28 Aug The Art of Saying No
According to the Washington Post “women are more polite than men in part because women face harsher consequences for being rude” (Guo, 2016).
Often, women are socially conditioned to avoid being blunt and risk hurting someone, which in my last relationship, was especially true.
When he first asked me to be his girlfriend, and I know this sounds bad, I didn’t want to say yes. Maybe it was a mix of feeling a little sorry for him or the fact that I couldn’t bring myself to be honest, but I ended up agreeing to the relationship despite my true feelings. I’m not saying he was a bad guy, I just didn’t want to be in a relationship with him for my own reasons.
Unfortunately, this relationship only progressed because I didn’t feel comfortable saying how I felt. At times I was actually playing who he wanted me to be rather than who I was. To everyone who saw us, I was acting like a happy girl in love, but deep down I was miserable living with my ever-growing lie.
When it became too much, the ladies in my life advised me to break it off (obviously what I was doing wasn’t good for either of us). So, I did it. I told him the truth despite how bad I knew I’d feel for hurting him. It was definitely as uncomfortable as I expected it to be, but it was also the first time I ever chose to screw taking the polite route.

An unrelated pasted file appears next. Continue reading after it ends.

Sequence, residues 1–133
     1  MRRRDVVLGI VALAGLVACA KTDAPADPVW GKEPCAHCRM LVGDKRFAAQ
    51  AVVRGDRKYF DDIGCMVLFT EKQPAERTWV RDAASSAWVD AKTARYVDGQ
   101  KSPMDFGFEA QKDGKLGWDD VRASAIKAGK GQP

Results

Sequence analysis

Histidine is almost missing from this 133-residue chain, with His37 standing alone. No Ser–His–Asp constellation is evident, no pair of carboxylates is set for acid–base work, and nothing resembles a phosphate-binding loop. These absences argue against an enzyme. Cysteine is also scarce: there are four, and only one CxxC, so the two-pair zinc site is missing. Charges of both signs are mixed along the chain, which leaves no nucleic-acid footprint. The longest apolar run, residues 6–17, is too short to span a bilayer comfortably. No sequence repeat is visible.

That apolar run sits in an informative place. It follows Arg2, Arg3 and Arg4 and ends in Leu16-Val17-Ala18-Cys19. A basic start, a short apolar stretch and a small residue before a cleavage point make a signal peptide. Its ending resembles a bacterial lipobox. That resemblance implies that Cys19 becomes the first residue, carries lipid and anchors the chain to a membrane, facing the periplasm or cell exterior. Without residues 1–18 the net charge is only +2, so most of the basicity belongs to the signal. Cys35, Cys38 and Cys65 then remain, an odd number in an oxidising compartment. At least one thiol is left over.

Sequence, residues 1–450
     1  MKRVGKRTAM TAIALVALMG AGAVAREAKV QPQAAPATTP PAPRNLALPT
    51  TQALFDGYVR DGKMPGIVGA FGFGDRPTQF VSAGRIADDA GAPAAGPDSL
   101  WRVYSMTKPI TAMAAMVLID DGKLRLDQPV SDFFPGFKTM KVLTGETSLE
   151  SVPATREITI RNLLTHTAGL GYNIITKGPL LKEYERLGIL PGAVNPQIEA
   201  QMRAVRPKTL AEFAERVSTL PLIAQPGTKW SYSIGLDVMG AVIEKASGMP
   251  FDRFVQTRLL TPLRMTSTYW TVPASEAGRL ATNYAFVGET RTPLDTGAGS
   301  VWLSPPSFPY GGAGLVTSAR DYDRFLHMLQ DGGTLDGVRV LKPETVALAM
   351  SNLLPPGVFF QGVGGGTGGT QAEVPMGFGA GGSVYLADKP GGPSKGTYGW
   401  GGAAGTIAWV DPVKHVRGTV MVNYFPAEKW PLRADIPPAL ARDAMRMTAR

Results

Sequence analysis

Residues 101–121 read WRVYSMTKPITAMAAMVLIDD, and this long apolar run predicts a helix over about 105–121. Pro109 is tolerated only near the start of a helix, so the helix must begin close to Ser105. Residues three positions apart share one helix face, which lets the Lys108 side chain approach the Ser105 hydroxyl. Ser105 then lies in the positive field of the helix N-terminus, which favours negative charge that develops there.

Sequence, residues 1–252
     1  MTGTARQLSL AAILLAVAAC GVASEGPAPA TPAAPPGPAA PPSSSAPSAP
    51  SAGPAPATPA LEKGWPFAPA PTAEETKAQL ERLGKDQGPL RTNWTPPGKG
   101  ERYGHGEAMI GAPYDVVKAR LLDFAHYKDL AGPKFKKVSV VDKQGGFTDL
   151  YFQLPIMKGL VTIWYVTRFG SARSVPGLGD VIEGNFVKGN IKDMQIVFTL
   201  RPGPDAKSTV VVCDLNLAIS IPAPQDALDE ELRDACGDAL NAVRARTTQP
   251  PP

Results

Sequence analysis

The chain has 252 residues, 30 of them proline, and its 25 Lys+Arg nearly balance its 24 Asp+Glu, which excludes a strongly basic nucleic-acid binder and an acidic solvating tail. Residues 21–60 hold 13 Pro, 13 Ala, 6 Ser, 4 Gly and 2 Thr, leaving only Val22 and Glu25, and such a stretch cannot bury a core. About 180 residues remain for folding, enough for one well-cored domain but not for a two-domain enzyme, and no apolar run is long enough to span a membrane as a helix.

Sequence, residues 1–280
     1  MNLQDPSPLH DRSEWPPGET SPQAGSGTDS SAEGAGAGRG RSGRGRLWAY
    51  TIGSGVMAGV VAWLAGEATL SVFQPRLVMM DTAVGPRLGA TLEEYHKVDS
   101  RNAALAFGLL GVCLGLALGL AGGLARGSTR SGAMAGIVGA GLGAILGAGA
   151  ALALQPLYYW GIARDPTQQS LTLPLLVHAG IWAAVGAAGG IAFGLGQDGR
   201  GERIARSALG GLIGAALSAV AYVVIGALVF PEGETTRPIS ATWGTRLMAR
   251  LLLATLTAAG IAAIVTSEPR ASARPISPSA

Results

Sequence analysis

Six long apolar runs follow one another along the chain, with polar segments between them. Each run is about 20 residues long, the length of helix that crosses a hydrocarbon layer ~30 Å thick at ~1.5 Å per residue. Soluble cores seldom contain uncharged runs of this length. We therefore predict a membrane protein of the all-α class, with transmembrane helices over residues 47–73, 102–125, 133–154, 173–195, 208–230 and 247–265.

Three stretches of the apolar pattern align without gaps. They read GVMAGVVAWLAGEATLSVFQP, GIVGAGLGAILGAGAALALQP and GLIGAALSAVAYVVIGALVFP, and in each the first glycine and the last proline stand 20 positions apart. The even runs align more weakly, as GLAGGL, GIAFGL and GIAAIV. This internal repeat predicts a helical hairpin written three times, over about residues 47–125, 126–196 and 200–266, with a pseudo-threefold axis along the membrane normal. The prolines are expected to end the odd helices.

I do take full responsibility for getting myself into a relationship that I probably never should have been in, but I’m glad I learned how to practice saying no. Below are some ways I’ve started using no, while also avoiding my fear of the consequences.
- When someone asks you to go to Stages and you’d rather say no; say no! It sounds simple but this is how I truly started to grasp the idea that saying no to your friends doesn’t have to be rude. So what if you trade out a night of partying for a night of binging Netflix; live your best life.
- You can say no to picking up a shift when you don’t want to work! In second year, I worked at Metro and was terrified of saying no when my boss asked me to pick up a shift. As a result, I ended up working over 30 hours a week, while being a full time student trying to maintain relationships. It was exhausting. When I finally started to say I was busy, even though this was a complete lie, I had more time for myself and was able to actually relax and catch up on school work.
What I’m trying to express is that saying no doesn’t need to be cruel. In fact, it’s a way of protecting yourself from doing things you don’t always want to do in order to ensure time for the things that you actually do. As cliché as it sounds, make sure to be true to yourself and remember that, at the end of the day, you’re the most important thing in your life.